I talked with him upon the bridge,
A thin man bent and old,
“I crowned the roofs with gold,” he said’
“I crowned the roofs with gold.”
The glen had held him all his life
And it would hold him ever,
This weather-worn philosopher
Who watched with me the river.
The water, darkening at the bridge,
Flowed at its sleepy will,
And half-way up the mountain side
The oats were golden still.
He turned and watched the whole long glen
And I went with him watching.
Our eyes could strip the slates away
And I could see him thatching.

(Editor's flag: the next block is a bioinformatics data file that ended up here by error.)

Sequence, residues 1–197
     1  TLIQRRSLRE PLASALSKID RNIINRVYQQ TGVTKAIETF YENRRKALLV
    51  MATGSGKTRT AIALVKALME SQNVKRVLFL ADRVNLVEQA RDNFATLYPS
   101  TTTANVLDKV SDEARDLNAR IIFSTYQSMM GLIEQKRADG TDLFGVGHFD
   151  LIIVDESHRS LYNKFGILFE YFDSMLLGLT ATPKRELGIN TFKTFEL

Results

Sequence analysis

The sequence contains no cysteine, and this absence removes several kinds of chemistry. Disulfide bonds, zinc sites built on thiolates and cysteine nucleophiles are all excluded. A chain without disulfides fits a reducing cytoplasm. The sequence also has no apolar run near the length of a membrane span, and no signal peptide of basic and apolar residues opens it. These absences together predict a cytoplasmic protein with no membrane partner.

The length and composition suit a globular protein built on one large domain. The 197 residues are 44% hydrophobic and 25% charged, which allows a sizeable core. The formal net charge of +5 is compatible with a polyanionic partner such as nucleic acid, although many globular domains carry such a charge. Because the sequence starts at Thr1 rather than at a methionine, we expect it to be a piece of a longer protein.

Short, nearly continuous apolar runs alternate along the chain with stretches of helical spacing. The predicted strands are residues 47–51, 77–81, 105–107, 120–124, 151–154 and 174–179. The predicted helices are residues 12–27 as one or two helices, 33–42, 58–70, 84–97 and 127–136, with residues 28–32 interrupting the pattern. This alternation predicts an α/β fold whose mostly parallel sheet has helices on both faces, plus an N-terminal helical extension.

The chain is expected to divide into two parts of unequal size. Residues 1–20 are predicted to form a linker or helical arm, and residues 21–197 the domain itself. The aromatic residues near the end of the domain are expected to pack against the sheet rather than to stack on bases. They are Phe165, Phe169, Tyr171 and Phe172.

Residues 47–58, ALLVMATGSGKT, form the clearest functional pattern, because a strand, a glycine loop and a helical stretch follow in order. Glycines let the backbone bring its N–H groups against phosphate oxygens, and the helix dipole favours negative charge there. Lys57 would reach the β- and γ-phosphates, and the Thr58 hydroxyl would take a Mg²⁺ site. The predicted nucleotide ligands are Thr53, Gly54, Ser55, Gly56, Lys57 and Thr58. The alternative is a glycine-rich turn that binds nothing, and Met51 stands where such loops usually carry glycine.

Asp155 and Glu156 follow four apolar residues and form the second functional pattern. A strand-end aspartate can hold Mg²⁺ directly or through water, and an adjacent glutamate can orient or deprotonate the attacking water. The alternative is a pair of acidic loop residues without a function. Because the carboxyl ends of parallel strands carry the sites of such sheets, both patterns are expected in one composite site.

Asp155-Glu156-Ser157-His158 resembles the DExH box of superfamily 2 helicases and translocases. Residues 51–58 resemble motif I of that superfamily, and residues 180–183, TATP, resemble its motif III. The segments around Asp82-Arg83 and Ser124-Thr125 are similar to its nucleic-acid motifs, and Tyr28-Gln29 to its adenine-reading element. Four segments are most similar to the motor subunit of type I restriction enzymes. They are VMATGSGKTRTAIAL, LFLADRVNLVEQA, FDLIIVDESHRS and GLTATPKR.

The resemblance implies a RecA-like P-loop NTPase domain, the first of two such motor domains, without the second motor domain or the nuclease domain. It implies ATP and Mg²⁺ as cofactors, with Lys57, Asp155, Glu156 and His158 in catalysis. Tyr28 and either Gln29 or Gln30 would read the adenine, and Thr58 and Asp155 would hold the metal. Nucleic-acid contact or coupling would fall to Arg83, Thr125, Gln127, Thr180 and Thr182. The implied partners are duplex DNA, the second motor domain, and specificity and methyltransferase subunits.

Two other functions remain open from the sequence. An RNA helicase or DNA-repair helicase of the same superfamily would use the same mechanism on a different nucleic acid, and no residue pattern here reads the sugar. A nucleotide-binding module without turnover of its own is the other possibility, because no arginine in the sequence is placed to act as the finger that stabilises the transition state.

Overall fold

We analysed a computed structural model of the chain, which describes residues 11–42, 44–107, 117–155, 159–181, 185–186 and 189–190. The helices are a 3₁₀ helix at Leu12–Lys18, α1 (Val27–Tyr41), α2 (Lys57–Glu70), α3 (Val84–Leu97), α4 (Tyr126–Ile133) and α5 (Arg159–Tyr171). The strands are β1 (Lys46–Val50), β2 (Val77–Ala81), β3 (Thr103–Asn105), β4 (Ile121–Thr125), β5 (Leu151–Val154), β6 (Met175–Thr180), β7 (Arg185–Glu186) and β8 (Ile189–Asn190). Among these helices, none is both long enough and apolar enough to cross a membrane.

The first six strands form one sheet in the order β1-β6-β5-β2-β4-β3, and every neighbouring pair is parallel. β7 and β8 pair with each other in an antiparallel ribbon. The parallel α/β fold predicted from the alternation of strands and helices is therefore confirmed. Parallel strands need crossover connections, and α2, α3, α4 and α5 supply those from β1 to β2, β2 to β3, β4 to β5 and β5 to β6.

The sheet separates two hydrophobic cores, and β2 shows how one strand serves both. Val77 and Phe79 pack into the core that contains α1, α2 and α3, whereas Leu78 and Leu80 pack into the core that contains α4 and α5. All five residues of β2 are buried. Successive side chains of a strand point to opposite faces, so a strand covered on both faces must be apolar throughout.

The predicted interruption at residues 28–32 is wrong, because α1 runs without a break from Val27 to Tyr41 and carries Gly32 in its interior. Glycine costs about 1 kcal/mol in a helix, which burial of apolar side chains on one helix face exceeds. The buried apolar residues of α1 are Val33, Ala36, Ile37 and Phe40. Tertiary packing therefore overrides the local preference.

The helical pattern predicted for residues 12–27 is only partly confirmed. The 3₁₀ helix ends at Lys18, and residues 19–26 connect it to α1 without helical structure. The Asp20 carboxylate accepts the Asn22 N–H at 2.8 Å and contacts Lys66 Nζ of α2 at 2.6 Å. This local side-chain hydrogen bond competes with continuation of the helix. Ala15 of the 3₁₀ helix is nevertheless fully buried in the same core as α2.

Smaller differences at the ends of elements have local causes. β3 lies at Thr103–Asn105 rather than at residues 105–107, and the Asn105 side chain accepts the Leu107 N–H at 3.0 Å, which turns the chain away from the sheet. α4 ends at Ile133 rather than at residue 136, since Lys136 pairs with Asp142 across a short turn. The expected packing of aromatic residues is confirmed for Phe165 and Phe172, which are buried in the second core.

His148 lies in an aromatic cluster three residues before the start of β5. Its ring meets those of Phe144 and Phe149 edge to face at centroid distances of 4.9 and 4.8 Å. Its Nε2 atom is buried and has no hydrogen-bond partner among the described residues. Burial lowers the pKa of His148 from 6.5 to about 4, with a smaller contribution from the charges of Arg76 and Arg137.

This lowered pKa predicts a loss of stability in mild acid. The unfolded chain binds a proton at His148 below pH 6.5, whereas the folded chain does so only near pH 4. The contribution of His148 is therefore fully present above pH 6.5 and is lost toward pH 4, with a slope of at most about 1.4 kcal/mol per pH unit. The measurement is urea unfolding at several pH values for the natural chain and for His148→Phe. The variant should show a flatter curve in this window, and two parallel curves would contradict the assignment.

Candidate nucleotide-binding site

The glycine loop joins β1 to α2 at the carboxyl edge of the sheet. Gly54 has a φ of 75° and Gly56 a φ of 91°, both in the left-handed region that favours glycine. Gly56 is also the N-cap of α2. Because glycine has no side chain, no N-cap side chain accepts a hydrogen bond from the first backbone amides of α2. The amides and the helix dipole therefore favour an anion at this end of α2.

He’d lie up there the summer’s day,
His wise hands working over
The homely bundled oaten straw
That made the golden cover.
His small fork tucked the handfuls in,
Like little oat sheaves sleeping.
He’d guard them sweetly, safely, with
The sallies he’d been steeping.
And winds might blow and rain might fall,
His roof was warm and tight,
A benediction in the day,
A blessing in the night.
“The slates,” he said, “are useful things
But doleful to the view,
The glen without the thatch is not
The glen my boyhood knew.
I’d like to see the sunlight slant
Again on golden gables,
For the slates are cold as tombstones
But the straw was warm as cradles.
They paid for something more than all
The hours of work I sold –
For glory’s light in grudging fields.
I crowned the roofs with gold.”